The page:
Insomnia | Commentary

Desperation is a Stinky Cologne

By Nick Nasty / October 12, 2009

This article was originally published on SEGABASTARD.

In a recent ABC News video, some IGN nerd equates "the Metroid Prime Trilogy" with Citizen Kane.

I'm not a big fan of Citizen Kane. But I'm less a fan of that burning desire game nerds have to get their hobby viewed as "art" by old people. I don't understand the appeal of either, but right there is a video of both being discussed.

Maybe the ultimate goal is to get "game journalism" taken more seriously; to that end, games must be taken more seriously. And so the campaign marches forward, bringing it to an absurd point where one of IGN's goobers is somehow on ABC News comparing three video games to one movie. Throughout the video, IGN dude isn't able to make a tangible connection between any of the four products involved other than that in them, people are trying to figure stuff out and it's dark sometimes. Perhaps he should have focused on the disconnect.

Citizen Kane is remembered most for the way it changed the way movies were made. The transitions, filming angles, filming techniques, framing, the now/then cutting, etc. Though I did not like the movie, I can appreciate that it brought a lot of new ideas to filming that basically changed the way films could be made after that.

The Metroid Prime games did not do this. While it's true that they are FPS games without much emphasis on the S (unusual), there's nothing new in them that anyone wants to mimic. In this aspect, Halo deserves the comparison more than any other FPS, since the list of shooters aping its innovations is vast. Halo's story is also far more engaging and actually exists outside of gaming as well. But Halo doesn't deserve a comparison to any movie any more than any movie deserves a comparison to any game.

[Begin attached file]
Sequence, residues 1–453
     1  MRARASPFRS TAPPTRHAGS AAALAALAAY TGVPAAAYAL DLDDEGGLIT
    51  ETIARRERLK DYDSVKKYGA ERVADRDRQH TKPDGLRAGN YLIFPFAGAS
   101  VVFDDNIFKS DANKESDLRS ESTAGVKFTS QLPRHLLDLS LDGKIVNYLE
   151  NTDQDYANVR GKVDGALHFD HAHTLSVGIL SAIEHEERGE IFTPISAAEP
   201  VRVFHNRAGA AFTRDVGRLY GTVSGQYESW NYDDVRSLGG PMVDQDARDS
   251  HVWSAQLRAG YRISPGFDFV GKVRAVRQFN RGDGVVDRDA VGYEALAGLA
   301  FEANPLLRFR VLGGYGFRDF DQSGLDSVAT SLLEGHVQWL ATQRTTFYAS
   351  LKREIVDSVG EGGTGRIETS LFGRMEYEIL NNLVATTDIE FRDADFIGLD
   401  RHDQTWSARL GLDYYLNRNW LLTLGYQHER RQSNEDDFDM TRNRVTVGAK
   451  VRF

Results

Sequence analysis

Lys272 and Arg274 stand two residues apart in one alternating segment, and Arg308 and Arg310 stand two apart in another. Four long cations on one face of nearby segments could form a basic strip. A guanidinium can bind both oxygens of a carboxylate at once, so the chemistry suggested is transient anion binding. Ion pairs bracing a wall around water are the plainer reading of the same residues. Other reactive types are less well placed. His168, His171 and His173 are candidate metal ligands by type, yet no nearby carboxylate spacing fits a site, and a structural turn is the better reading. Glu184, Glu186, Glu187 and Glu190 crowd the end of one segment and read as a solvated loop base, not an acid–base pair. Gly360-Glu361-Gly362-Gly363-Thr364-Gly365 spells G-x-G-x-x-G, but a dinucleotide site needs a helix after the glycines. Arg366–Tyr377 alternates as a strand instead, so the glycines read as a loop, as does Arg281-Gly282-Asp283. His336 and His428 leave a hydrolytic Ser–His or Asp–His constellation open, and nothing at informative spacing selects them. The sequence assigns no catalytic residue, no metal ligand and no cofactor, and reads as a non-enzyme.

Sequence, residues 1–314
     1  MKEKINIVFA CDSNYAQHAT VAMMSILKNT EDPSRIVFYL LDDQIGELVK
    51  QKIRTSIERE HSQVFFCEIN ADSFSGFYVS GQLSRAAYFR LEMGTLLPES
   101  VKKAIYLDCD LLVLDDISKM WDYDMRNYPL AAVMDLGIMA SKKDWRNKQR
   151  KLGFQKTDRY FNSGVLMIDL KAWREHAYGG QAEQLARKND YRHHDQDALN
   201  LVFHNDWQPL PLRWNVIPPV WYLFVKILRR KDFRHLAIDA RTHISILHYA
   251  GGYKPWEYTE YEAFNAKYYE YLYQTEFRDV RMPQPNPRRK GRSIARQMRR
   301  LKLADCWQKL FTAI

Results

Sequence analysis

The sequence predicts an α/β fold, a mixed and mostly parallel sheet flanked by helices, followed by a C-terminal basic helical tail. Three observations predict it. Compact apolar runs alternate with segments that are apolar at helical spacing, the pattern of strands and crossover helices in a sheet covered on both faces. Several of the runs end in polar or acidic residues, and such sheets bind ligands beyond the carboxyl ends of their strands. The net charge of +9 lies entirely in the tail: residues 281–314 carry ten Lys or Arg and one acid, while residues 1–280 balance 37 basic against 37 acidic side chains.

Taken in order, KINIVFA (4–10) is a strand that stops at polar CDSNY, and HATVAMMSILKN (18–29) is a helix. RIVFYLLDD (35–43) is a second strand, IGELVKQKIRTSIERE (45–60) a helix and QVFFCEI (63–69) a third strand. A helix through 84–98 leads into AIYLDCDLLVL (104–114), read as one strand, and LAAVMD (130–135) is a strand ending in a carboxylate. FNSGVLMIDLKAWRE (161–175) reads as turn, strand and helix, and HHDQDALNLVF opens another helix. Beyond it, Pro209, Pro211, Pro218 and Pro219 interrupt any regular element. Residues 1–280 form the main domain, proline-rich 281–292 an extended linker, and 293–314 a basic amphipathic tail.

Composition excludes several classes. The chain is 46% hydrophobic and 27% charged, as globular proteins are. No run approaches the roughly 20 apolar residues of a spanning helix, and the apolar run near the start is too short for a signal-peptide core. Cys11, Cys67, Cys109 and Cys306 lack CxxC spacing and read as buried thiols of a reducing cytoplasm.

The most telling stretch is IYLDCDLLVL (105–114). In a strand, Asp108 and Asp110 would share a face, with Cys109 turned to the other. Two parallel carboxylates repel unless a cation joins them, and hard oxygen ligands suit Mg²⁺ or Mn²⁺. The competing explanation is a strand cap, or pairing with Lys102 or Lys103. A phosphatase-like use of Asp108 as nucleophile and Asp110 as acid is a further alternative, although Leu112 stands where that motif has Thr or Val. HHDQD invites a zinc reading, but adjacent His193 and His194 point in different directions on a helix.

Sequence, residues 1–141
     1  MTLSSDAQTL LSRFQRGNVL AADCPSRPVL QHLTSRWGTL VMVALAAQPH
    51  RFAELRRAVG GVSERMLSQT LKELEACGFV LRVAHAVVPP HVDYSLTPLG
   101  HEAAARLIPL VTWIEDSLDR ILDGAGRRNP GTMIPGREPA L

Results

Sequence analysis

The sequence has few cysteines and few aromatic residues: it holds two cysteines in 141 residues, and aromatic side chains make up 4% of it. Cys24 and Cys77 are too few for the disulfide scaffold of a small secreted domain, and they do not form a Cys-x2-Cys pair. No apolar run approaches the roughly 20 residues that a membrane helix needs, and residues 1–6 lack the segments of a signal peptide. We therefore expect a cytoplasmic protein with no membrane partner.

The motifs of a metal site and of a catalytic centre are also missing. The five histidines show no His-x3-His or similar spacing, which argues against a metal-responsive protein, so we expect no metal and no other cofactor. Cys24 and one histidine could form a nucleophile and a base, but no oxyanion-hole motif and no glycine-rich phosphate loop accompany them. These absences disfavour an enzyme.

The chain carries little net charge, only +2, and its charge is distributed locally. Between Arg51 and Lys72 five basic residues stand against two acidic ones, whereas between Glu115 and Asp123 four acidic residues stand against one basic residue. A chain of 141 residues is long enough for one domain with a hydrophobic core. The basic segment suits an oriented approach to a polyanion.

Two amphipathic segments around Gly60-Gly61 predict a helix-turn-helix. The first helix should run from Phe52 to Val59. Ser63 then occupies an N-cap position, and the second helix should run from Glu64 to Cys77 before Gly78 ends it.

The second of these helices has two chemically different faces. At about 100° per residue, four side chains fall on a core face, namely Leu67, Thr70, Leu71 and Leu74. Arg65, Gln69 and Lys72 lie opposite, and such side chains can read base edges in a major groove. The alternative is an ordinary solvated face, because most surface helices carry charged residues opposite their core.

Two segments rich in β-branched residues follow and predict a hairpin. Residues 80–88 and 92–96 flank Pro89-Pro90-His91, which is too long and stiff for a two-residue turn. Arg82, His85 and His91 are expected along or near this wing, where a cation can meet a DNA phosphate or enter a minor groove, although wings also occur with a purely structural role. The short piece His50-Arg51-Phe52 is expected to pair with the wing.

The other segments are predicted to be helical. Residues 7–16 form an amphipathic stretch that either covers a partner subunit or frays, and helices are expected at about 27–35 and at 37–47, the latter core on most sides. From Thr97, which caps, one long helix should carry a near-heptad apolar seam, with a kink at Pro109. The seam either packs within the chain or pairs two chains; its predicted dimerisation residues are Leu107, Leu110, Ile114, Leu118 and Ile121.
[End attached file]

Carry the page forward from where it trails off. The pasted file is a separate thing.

Constantly begging people to take your hobby seriously is the biggest tell that people shouldn't take your hobby seriously. It stinks of immaturity and desperation, like a 10-year old in the throes of a tantrum because his seat is still at the kids' table. It seems like just about everyone has a game console of some sort in the living room now; the days of not being "accepted" by normal humans are long gone. But there are a few old dudes who don't care, so IGN sends a greasy-haired fellow to make them chuckle and convince no one.

If any game deserves this ridiculous comparison, it's Super Mario Bros., for obvious reasons. But that was never the point of this segment. The point was that IGN got two minutes in the limelight on a "web exclusive" for ABC News and used it to promote a Wii game/port collection that one of its editors really liked. Maybe they figured that someone might take them seriously if they could convince them that this game was that good. Instead, the guy just sounds like a creepy 24 year old babysitter who is going to make games sound more ridiculous than anything.

Also, guys, Tron is the Tron of gaming.

Begging the world to take gaming seriously is a fruitless endeavor. It won't advance gaming in any way, it won't make games better. It will just (possibly) inflate the salaries of people who write about games. For the rest of us, the best way to make games better is to buy good games, which will encourage the production of more good games. It's a simple equation that costs no dignity.